Chances are, you have fallback wines you grab when shopping: bottles you love, and know your guests will, too. But perhaps that will change, if Jonas Andersen and Natalie Marie Gehrels—the duo behind Folkways, a year-and-a-half-old Croton Falls wine shop—have their way.
Dedicated to discovery of wine, spirits, and the traditions that surround them, Folkways stocks globally sourced beverages, often organic, and the accoutrements that up their enjoyment.
Jonas and Natalie come by their international perspective naturally. He was born and raised in Denmark, and his career in the food industry took him to multiple continents. Natalie, a gifted, gallery-represented ceramist, lived in Italy for a decade, honing her innate design sense.
As many Hudson Valley tales begin today, the couple was living in Brooklyn with son River, now 8, and felt the pull of a home upstate. A few years ago, they fell in love with a somewhat neglected house in Croton Falls and became immersed in restoring it. As they spent more time in the area, they noticed that finding the kind of wine they loved—a little obscure, made in time-honored ways—was a struggle. They began schlepping their favorites up from NYC.
So Long, Brooklyn
Then, along came Covid. Jonas had been working for restaurateur Claus Meyer’s Danish culinary empire as beverage director. This involved helming all things drinkable in the Great Northern Food Hall and acclaimed Agern restaurant at Grand Central Station. Suddenly, the commuters that fueled the business dwindled to a dribble. Soon, the food hall was shuttered. The young family decided to decamp upstate full time.
But they didn’t just reinvent their homebase; they also dreamed up a new professional life. Ready for a different, more personal endeavor, they began hunting for a wine shop to call their own. “We felt like we had a lot of passion for wine and spirit-making and a deep understanding of the craft and the farming that goes along with it,” explains Natalie. “We wanted to share that and have a dialogue about it [with customers].”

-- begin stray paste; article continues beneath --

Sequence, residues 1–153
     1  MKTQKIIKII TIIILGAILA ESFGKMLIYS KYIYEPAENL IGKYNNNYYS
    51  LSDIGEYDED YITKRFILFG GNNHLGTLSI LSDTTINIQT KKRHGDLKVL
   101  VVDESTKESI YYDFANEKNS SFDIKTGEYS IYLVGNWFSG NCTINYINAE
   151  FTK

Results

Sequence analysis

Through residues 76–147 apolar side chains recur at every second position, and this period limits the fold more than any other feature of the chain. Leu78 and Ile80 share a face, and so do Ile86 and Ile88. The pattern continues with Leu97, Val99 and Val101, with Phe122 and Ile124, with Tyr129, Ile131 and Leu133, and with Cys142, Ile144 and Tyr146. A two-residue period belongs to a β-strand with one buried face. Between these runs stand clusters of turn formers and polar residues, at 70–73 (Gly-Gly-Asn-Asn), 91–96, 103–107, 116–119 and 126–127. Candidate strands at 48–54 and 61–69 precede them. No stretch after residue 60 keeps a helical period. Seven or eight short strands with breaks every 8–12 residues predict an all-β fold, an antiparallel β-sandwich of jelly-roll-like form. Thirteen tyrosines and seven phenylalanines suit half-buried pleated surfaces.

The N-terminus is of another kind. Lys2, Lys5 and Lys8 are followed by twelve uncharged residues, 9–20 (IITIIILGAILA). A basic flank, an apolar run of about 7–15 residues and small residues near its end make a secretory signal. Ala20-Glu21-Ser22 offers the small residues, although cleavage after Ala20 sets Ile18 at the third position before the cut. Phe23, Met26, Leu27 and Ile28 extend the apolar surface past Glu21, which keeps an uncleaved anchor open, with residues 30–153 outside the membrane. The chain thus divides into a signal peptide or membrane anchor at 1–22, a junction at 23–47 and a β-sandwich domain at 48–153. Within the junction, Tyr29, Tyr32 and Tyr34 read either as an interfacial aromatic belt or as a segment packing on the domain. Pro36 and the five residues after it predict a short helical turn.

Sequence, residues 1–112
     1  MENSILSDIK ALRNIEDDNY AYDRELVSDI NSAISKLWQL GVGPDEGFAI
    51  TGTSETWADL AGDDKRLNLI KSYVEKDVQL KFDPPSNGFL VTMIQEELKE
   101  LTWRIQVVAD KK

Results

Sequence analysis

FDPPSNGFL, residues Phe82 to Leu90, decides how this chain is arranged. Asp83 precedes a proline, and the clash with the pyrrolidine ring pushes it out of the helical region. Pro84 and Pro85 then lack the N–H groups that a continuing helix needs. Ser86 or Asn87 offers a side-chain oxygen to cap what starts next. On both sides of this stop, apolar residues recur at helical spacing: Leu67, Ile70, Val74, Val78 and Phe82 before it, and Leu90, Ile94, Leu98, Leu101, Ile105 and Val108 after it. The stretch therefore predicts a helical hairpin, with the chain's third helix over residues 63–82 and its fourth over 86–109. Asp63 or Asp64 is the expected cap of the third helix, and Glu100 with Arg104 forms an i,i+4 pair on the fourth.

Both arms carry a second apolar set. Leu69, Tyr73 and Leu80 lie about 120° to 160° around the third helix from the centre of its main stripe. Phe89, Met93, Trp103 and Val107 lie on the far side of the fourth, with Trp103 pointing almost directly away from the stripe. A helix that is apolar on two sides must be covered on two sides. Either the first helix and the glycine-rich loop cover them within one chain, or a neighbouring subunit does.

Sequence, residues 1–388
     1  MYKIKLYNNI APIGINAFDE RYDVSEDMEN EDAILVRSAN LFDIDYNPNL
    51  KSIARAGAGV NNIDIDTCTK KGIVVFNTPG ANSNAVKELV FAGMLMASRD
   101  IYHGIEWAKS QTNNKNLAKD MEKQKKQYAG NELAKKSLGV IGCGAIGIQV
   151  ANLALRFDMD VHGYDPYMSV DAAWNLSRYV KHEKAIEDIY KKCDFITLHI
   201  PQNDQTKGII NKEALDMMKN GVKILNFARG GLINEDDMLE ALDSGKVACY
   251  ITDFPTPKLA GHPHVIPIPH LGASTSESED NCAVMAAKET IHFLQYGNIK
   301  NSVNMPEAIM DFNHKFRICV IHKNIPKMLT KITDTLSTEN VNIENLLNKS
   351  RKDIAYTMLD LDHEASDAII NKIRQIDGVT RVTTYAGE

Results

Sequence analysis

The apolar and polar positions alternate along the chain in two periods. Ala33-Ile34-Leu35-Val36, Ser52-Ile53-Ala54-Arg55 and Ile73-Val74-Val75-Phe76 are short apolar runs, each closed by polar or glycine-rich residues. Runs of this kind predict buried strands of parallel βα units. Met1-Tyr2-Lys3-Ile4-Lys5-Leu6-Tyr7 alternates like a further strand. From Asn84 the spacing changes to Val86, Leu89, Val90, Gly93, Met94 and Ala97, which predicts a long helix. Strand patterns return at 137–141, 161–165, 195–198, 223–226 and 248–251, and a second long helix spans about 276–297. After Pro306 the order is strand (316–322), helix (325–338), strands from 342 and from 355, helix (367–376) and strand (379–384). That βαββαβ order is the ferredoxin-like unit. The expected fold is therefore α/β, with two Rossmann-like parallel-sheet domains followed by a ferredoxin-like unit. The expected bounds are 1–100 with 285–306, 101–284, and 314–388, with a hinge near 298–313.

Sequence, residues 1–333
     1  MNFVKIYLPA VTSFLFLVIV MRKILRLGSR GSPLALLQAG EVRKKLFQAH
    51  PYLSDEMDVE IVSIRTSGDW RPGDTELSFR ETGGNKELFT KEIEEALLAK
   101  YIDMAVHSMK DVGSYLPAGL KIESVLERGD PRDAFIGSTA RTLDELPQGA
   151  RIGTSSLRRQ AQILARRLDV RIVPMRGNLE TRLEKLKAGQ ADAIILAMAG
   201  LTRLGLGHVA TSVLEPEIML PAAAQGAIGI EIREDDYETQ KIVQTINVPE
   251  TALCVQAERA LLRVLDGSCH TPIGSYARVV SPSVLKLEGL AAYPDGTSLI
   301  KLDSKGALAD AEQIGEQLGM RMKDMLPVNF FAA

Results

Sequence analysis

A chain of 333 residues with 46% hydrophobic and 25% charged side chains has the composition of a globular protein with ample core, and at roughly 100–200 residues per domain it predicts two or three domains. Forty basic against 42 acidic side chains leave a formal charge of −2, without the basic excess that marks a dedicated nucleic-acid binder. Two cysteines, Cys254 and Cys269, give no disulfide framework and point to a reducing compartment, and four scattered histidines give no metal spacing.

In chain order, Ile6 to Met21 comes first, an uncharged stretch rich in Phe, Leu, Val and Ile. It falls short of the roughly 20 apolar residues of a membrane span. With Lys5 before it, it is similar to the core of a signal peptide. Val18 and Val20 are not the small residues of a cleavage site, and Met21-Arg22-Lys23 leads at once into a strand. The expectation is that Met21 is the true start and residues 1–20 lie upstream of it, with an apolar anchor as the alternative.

Jonas and Natalie want their shop to be a place of discovery.
As they began bidding on locations, serendipity struck: The owner of a Croton Falls wine shop that was housed in a landmark 1917 train station approached Jonas about doing some projects. He blurted out that while he wasn’t interested in that kind of work, he and his wife would like to buy her place. They struck a deal.
The Folkways Way
The shop has a generous selection of wines from typical regions (France, Italy, California), notes Jonas, and they represent many biodynamically and organically farmed wines. But surprises abound: “Slovenia has a really long and interesting winemaking history,” he says, “and our Greek section shows off a very hands-off, beautiful approach to making wine.” There are spirits, too, with the HV distillery scene being well represented. Jonas and Natalie want their shop to be a place of discovery as well as a spot where there’s something for everyone. “We named it Folkways,” says Natalie, “to both communicate the idea of sharing social customs as well as being ‘the way of the people,’ meaning we’re inclusive.”
Alongside these wines and spirits are accessories that deepen its enjoyment. The couple work directly with artisans, and most items represent either a Danish design sensibility (a nod to Jonas’ heritage), such as Georg Jensen wine coolers, or a bit of more playful, colorful Italian design, reflecting Natalie’s time abroad.
A calendar of in-store events, such as wine tastings and oyster-shucking lessons, are building the store’s status as a local hub. From June through October, Folkways also serves as a CSA pick-up location for Copake’s Deep Roots Farm.
Savoring a New Lifestyle
All this equals a demanding schedule for the couple who are still working on their home and raising a family, which now also includes son Atlas, 1. With any snippets of free time, they hike and visit local winemaking enterprises. And—true to Folkways’ ethos—they explore some unusual traditions. “We went to Troutbeck on my birthday and did the falconeering experience,” gushes Natalie. “It was one of the best days of my life!”